I'm sick of all these horses, cows and donkeys wandering round my fortress. I want to put them all somewhere and have them stay there. In short, I want a farm. It would be nice if the animals had some space to roam and if they could still breed too.

What's the best way to achieve this? Should I cage them all up transport them somewhere with doors that aren't passable to animals and then let them out?

Is there a better way?

To make this plan work, will I need to provide the critters with food and water? How best to achieve this?

  • possible duplicate of Dwarf Fortress Animal Segregation Commented Aug 30, 2010 at 15:44
  • @antony Disagree, additional question here about food and water, etc. Definitely related though.
    – C. Ross
    Commented Aug 30, 2010 at 17:13
  • Related certainly. Have edited question to make clear how this is not a duplicate.
    – Seamus
    Commented Aug 30, 2010 at 17:16

2 Answers 2


If you want to accomplish anything you'll probably want to build a cage (or multiple) and have it in one room. Assign all the animals to the cage(s) and keep them in there. You'll probably want to make a zoo from that cage.

What this means is that you don't need to feed/water them while they're in the cage, they can't move around so they won't eat your framerate, and by making it a zoo you even give your dwarves happy thoughts for watching animals, and even have another meeting hall.

If you put them all in an enclosed space they will still try to sneak out whenever a dwarf opens the door, and they will keep walking around which will hurt your framerate.

  • If they are in a cage, can I mark them for slaughter, or do I have to let one out and then mark it for slaughter?
    – Seamus
    Commented Aug 30, 2010 at 15:29
  • 1
    Also, I just found this: gaming.stackexchange.com/questions/3587/… how does this compare?
    – Seamus
    Commented Aug 30, 2010 at 15:37
  • Yes, you can mark them for slaughter while they are in their cage.
    – user56
    Commented Aug 30, 2010 at 15:37
  • @Seamus - The pit method will still kill your framerate since you allow the animals to freely roam.
    – user56
    Commented Aug 30, 2010 at 15:38
  • 3
    note that this method prevents breeding, as cows can't be impregnated while in a cage. Commented Aug 30, 2010 at 16:46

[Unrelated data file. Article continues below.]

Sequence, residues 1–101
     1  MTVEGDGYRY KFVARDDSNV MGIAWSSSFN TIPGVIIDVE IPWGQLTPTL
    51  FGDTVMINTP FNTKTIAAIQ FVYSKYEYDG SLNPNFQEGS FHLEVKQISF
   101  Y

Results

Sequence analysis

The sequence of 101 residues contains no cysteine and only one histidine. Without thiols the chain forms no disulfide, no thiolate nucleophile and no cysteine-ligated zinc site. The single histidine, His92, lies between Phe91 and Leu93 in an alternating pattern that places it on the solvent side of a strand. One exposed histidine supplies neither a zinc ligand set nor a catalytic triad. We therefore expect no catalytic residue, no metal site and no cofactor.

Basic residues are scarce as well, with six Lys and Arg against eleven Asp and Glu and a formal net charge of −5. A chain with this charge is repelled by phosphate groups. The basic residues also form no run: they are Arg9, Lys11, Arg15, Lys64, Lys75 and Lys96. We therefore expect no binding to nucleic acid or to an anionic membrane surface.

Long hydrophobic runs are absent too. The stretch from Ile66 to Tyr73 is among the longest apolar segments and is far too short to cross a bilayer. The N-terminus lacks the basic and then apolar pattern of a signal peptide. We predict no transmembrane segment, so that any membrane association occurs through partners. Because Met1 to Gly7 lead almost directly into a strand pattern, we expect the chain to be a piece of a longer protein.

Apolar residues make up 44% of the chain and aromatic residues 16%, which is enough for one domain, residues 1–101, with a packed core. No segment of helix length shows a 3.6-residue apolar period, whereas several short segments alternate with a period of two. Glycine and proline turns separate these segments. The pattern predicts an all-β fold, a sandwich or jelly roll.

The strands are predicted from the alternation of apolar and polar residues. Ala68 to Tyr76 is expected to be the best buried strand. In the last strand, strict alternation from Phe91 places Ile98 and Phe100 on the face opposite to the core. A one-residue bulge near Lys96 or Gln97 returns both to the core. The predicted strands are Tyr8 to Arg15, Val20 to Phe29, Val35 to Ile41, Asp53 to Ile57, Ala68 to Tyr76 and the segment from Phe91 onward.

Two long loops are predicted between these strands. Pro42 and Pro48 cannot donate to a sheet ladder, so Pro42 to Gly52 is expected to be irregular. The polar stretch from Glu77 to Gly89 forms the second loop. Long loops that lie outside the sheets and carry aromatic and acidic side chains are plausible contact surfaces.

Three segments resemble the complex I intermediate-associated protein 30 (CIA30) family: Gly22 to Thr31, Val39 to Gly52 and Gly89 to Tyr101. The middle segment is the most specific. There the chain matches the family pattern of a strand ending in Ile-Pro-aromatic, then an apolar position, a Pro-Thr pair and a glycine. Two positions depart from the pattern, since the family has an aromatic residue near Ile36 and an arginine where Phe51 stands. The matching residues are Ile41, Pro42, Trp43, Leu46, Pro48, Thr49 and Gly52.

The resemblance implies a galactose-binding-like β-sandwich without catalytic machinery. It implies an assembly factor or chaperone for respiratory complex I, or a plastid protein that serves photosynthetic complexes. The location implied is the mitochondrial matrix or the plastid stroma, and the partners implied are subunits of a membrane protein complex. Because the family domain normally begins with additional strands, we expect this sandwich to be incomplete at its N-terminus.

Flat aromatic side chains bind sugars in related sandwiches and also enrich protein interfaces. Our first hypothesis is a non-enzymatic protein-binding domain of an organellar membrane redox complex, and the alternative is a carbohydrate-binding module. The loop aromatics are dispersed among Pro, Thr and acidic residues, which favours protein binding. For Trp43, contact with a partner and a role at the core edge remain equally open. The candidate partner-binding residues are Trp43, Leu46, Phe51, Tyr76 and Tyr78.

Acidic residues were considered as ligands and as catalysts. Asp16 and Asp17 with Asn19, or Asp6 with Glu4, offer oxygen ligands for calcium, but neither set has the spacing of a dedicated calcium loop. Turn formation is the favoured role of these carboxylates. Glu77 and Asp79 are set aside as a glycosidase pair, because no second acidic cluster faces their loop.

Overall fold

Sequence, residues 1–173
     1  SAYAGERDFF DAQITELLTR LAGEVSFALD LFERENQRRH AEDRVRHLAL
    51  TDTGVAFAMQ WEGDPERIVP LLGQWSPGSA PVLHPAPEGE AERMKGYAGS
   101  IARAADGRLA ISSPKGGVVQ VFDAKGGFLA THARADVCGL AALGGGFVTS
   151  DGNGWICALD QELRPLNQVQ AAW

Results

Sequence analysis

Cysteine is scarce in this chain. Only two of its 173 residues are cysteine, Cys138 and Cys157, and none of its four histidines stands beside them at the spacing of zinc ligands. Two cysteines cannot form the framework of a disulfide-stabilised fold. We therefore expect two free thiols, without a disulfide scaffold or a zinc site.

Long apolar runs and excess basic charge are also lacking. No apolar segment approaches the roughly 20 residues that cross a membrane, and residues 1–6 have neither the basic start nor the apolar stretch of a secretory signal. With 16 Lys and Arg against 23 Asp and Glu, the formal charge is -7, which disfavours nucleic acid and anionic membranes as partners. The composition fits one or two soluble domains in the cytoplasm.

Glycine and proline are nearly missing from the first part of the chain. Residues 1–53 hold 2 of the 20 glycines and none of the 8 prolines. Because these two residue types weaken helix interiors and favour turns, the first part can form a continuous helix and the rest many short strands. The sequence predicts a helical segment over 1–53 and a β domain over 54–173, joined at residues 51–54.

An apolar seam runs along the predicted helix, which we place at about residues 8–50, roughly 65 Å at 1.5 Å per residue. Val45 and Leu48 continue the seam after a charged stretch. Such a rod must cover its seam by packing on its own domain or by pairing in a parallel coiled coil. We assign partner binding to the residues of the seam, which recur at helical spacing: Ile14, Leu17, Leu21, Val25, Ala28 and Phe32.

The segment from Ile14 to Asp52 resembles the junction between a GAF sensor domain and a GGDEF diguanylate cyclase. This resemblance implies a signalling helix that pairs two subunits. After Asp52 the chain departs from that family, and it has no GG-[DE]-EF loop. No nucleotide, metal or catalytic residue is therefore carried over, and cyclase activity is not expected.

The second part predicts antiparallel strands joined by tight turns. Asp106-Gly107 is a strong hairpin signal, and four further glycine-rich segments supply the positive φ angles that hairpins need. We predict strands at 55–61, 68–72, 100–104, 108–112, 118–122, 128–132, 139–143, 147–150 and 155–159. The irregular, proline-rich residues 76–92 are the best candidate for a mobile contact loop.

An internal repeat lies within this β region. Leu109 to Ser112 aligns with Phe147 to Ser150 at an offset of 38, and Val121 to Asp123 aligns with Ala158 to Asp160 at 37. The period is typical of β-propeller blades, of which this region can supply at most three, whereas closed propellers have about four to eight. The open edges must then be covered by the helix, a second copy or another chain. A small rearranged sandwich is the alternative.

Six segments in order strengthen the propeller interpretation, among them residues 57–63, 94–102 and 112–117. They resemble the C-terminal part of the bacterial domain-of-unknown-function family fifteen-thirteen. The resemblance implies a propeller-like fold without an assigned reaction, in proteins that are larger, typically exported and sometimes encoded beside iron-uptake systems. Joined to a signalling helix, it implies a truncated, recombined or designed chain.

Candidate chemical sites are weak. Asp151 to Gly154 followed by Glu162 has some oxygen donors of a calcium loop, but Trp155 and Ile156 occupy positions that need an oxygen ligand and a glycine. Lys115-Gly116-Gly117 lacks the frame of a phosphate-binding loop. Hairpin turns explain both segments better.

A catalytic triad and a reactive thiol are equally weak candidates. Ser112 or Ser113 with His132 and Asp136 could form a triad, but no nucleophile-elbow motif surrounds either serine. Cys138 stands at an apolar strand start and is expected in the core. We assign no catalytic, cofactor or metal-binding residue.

If you want to have a traditional "farm" where the cows will reproduce, you'll have to use ropes or chains. Assign one animal to each chain/rope. Unlike a cage, your animals will still be able to reproduce.

For bonus points, you can build "watch towers" that have your cows on it. This is so you can spot invaders the moment they arrive. All you have to do is build a raised platform with some chains on top. I use access tunnels that go underground so there are no stairs or ramps that the invaders can use to get to the animals. Archers could still be a problem though. Early detection on an invasion can save the lives of your "outdoor dwarfs".

Hope that helps

  • The only disadvantage is that they can still walk around, and hence pull your framerate down.
    – user56
    Commented Aug 30, 2010 at 16:40
  • 2
    I thought that since a restraint restricted movement, it meant less computation time? Commented Aug 30, 2010 at 16:47
  • Less, but within a cage it doesn't move at all. With a restraint it still has a cube of 3x3 around the restraint where it can move.
    – user56
    Commented Aug 30, 2010 at 17:23
  • Cages gives you better frame rates, smaller used space, and the ability to have a zoo. Restraints (rope/chain) allows for reproduction and invasion detection. Choosing which one to use depends on what you want to achieve. You do get a frame rate boost by using restraints, but not as big of a boost as using cages. Commented Aug 30, 2010 at 20:15
  • 1
    love the cow watchtowers. "Mooooooo"..."oh no, Bessie's spotted an invader!"
    – Epaga
    Commented Aug 31, 2010 at 11:08

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